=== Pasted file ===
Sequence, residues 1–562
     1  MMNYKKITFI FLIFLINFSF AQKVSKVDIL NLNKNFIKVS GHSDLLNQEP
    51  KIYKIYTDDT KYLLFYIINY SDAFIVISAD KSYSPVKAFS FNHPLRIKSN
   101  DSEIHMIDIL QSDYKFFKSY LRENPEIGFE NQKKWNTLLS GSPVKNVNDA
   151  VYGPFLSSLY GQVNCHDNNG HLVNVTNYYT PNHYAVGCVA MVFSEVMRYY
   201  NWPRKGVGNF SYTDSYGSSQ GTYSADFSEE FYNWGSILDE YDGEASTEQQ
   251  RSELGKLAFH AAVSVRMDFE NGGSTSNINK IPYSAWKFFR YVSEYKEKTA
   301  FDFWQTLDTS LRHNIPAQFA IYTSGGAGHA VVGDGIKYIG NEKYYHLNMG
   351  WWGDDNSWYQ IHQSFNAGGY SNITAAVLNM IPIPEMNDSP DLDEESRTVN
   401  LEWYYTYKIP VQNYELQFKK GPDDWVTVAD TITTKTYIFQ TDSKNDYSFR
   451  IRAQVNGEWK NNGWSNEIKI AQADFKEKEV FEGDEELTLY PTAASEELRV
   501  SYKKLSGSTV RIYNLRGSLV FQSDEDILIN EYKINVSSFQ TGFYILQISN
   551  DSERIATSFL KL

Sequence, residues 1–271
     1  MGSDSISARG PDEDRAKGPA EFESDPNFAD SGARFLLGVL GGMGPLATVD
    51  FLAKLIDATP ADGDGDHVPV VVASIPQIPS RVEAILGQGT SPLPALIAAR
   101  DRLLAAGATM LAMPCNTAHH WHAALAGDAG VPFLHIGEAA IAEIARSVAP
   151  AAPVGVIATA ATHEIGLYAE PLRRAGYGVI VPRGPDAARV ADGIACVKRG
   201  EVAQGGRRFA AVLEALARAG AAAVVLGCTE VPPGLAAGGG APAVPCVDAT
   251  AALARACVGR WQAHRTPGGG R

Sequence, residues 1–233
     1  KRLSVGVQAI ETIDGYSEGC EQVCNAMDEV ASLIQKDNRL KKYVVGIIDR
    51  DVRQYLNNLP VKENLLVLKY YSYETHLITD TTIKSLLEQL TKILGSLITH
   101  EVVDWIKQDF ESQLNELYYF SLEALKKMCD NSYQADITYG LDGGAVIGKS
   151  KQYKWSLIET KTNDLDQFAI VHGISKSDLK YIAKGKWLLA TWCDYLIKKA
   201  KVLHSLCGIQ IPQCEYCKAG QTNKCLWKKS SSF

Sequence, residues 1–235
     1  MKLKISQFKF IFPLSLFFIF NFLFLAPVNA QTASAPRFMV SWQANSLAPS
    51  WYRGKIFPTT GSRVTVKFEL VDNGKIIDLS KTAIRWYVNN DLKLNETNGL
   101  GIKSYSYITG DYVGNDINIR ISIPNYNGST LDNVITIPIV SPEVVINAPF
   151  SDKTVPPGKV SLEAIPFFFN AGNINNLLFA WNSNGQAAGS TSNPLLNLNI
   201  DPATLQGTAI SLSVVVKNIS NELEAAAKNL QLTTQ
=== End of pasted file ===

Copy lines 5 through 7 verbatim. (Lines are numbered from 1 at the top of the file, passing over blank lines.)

   151  VYGPFLSSLY GQVNCHDNNG HLVNVTNYYT PNHYAVGCVA MVFSEVMRYY
   201  NWPRKGVGNF SYTDSYGSSQ GTYSADFSEE FYNWGSILDE YDGEASTEQQ
   251  RSELGKLAFH AAVSVRMDFE NGGSTSNINK IPYSAWKFFR YVSEYKEKTA